Keywords: myelin basic protein, glutamate, deimination, astrocytes, inflammation

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23 Identifying Metabolic Pathways Associated with Neuroprotection Mediated by Tibolone in Human Astrocytes under an Induced Inflammatory Model

Authors: Daniel Osorio, Janneth Gonzalez, Andres Pinzon


In this work, proteins and metabolic pathways associated with the neuroprotective response mediated by the synthetic neurosteroid tibolone under a palmitate-induced inflammatory model were identified by flux balance analysis (FBA). Three different metabolic scenarios (‘healthy’, ‘inflamed’ and ‘medicated’) were modeled over a gene expression data-driven constructed tissue-specific metabolic reconstruction of mature astrocytes. Astrocyte reconstruction was built, validated and constrained using three open source software packages (‘minval’, ‘g2f’ and ‘exp2flux’) released through the Comprehensive R Archive Network repositories during the development of this work. From our analysis, we predict that tibolone executes their neuroprotective effects through a reduction of neurotoxicity mediated by L-glutamate in astrocytes, inducing the activation several metabolic pathways with neuroprotective actions associated such as taurine metabolism, gluconeogenesis, calcium and the Peroxisome Proliferator Activated Receptor signaling pathways. Also, we found a tibolone associated increase in growth rate probably in concordance with previously reported side effects of steroid compounds in other human cell types.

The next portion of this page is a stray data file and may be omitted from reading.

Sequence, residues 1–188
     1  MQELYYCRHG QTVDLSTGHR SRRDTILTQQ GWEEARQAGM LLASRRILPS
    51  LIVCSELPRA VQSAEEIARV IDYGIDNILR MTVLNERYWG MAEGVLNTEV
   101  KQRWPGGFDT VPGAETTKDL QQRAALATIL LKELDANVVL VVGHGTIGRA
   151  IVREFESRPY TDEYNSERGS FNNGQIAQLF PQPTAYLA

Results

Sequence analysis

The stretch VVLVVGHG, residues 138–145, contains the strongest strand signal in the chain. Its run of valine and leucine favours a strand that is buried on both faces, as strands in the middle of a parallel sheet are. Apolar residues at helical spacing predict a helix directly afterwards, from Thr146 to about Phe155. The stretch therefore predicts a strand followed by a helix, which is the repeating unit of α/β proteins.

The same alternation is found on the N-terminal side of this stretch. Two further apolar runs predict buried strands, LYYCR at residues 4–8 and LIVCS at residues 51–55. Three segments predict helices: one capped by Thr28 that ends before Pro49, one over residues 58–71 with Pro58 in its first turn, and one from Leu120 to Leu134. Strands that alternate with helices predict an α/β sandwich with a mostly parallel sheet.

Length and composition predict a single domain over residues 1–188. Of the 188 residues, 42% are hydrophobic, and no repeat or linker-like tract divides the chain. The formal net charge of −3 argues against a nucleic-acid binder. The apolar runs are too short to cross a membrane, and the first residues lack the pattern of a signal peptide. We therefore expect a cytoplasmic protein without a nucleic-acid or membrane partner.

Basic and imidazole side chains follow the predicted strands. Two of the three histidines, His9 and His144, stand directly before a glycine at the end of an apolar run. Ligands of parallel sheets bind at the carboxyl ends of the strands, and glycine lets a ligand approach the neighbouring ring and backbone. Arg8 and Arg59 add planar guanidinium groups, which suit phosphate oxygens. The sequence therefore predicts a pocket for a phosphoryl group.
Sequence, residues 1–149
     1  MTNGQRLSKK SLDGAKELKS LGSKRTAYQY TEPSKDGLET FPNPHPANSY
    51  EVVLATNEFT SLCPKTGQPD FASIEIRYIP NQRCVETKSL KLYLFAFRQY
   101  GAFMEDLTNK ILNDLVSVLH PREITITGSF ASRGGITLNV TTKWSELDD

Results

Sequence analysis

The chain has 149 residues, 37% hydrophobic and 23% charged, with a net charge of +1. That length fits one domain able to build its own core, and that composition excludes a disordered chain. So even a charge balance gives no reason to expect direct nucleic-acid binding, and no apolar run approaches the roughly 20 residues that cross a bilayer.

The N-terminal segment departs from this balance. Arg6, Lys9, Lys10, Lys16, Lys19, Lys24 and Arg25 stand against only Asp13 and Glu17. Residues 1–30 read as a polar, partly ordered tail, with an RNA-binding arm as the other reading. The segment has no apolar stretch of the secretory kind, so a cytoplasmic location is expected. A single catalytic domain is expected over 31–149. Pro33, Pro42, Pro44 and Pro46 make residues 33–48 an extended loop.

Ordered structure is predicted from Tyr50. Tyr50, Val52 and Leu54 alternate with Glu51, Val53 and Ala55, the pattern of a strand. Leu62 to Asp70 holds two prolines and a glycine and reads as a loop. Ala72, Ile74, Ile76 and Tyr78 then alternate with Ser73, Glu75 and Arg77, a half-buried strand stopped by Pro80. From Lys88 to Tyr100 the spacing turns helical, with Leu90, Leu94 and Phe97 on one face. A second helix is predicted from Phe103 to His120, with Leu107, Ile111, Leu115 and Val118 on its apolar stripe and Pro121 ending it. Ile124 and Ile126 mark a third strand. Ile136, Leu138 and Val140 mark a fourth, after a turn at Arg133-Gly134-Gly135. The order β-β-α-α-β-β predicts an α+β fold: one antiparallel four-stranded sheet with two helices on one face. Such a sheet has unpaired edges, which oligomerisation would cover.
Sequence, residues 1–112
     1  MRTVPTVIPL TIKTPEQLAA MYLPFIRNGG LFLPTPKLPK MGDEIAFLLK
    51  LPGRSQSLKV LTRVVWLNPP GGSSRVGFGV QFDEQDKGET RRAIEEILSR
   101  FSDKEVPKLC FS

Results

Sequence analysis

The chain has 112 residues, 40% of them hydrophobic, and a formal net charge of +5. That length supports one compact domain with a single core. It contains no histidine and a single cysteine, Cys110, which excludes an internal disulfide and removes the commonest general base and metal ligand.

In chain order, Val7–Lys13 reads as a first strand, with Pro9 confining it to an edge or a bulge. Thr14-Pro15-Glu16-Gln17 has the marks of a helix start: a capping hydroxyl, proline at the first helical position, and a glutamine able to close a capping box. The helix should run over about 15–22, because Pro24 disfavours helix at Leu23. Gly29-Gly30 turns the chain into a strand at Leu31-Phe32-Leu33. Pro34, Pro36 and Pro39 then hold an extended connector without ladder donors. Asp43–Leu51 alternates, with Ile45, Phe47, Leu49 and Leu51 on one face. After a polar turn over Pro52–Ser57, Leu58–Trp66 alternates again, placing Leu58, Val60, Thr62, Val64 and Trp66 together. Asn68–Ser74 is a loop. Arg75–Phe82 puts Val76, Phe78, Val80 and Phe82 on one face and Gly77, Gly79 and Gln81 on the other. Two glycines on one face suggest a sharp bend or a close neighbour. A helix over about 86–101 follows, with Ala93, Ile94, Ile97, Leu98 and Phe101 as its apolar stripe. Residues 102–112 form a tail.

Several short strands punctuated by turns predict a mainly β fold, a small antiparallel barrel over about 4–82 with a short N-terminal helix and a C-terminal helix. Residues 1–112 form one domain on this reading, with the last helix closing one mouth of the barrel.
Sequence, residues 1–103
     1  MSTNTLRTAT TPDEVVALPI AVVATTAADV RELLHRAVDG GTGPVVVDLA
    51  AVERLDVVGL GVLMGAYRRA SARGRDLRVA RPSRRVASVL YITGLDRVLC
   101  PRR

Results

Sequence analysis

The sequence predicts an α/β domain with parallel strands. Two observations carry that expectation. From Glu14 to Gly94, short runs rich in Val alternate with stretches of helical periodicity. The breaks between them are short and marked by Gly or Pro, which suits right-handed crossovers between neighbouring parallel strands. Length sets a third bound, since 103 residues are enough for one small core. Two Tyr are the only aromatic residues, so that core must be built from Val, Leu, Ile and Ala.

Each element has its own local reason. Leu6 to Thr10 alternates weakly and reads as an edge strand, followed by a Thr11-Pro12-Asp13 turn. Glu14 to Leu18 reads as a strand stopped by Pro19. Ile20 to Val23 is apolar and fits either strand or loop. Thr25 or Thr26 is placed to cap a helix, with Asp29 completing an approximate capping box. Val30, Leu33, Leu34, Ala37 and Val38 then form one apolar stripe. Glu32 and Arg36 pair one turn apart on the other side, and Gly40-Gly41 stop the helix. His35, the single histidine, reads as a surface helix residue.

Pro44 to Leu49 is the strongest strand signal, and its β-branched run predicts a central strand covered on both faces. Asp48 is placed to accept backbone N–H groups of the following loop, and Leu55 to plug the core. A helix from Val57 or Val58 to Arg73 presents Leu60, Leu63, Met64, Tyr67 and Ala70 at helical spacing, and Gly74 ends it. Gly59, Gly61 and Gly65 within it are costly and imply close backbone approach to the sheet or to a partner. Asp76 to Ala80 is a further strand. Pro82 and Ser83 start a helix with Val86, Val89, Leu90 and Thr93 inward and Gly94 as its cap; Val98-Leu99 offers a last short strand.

Keywords: astrocytes, flux balance analysis, genome scale metabolic reconstruction, inflammation, neuroprotection, tibolone

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22 Investigation of Astrocyte Physiology on Stiffness-Controlled Cellulose Acetate Nanofiber as a Tissue Scaffold

Authors: Sun Il Yu, Jung Hyun Joo, Hwa Sung Shin